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Pulling for Myles Straw

A hitter with little power thrives on pulling the ball

Seattle Mariners v. Cleveland Guardians Photo by Lauren Bacho/MLB Photos via Getty Images

Just as everyone predicted, after 10 games, Myles Straw leads the Guardians with a 168 wRC+.

While Straw doubling career average wRC+ over the course of a full season seems about as realistic as winning the MVP (which he would have a very good shot of doing with that kind of offensive performance), it’s good to see him continue the positive signs at the plate he showed to conclude the 2022 season.

After a torrid April 2022 in which he put up a 125 wRC+, Straw dipped to a 35 wRC+ in May-August. Thankfully, he accompanied this dreadful slump with amazing defense in center field, for which he won a gold glove. It wasn’t until the calendar hit September that Straw righted the ship as a hitter, putting up a 112 wRC+ from Sept. 1 through the end of the season.

There is one particular metric that stands out as we look at these small stretches of a season — his pull rate. Here it is over the course of last season, along with his wRC+.

  • April 2022: 34.9% pull rate
  • May-August 2022: 20.7% pull rate
  • September-October 2022: 37.9% pull rate
  • 2023 season so far: 28% pull rate (35% through his first week)

In 2021, his best season as a full-time player, Straw put up a 97 wRC+ while being in the 15th percentile for average exit velocity and the third percentile for both hard-hit balls and barrels. He was elite at not striking out, not chasing bad pitches, taking walks, and in sprint speed, but he offered very little to the team in terms of power. That trend still holds two years later.

So, how do you make the most of the contact you make when you don’t hit the ball particularly hard? You take any pitch thrown on the inside half of the plate and smack it as hard as you can into the pull-side of the field.

Anytime Myles Straw sees a pitch on the plate and towards his body or hands, he should be swinging as hard as he can trying to hit it as hard as he can. Not worrying about going oppo, or about poking one through — just trying to turn on them like his good friend José Ramírez does. That’s exactly what it looks like Straw has decided to do since last fall through today.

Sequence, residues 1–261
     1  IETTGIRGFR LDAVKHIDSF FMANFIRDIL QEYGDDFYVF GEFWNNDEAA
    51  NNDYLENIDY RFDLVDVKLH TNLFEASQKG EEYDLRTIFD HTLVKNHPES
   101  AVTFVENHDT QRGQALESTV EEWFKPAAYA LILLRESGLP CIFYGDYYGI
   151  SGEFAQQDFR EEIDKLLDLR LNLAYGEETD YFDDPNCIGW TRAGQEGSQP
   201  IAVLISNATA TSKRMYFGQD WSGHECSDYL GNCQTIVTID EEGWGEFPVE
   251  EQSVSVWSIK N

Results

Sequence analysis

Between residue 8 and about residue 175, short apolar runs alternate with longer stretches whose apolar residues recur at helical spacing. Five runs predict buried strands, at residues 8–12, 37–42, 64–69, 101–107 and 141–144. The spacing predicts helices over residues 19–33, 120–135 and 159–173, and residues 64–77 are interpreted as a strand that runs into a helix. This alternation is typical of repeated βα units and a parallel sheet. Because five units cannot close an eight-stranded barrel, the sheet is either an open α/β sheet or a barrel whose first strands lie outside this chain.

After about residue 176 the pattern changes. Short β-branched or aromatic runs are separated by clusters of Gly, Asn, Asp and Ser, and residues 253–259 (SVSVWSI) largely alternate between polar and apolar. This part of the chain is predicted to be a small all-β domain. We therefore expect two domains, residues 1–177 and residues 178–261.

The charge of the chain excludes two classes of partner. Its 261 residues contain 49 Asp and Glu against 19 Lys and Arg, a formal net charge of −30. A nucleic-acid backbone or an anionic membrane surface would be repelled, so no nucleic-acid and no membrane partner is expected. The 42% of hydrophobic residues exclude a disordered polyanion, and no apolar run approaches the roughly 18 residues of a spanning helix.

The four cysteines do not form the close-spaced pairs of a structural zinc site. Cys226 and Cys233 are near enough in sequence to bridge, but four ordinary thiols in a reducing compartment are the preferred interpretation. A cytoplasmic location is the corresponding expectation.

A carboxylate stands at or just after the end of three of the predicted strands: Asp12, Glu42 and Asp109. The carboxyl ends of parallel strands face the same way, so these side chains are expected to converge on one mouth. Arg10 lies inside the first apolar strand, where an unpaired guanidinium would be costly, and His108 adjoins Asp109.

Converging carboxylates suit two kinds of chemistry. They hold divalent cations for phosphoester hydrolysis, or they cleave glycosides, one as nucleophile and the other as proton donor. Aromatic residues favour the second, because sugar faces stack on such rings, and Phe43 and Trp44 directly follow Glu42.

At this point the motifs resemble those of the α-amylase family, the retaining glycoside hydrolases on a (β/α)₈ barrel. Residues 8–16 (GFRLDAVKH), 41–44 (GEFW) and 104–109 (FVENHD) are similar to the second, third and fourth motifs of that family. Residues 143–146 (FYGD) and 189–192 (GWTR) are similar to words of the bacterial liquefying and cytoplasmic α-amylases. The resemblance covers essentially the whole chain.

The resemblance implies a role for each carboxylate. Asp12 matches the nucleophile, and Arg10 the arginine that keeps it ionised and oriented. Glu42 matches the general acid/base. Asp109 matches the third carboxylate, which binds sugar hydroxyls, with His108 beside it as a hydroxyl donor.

For his career, Straw has a 144 wRC+ any time he pulls the ball. When he hits it to center or the opposite field, his wRC+ is 72. For comparison, another Guardians outfielder who doesn’t hit the ball particularly hard, Steven Kwan, has a 164 wRC+ when he pulls the ball, but still manages a 100 wRC+ when he goes to center or opposite field. Straw doesn’t have the same ability to get line drives to center and the opposite field that Kwan does, so he needs to focus all his energy on finding pitches to pull.

The encouraging thing about this approach is that if Straw can maintain a pull rate of around 30%, it would be around his 28.8% pull rate from 2021, giving him a decent shot at maintaining a wRC+ over 100. Combined with his defense, I estimate we’d be looking at a 4-5 win player if that’s the case.

As you head to Guardians games, cheer for Myles Straw’s highlight reel catches, for sure. But, don’t forget to save some hollering for any time you see him get the bat-head out on a pitch middle-in and sock it into left field. Pulling is the path to hitting success for the Guardians center fielder.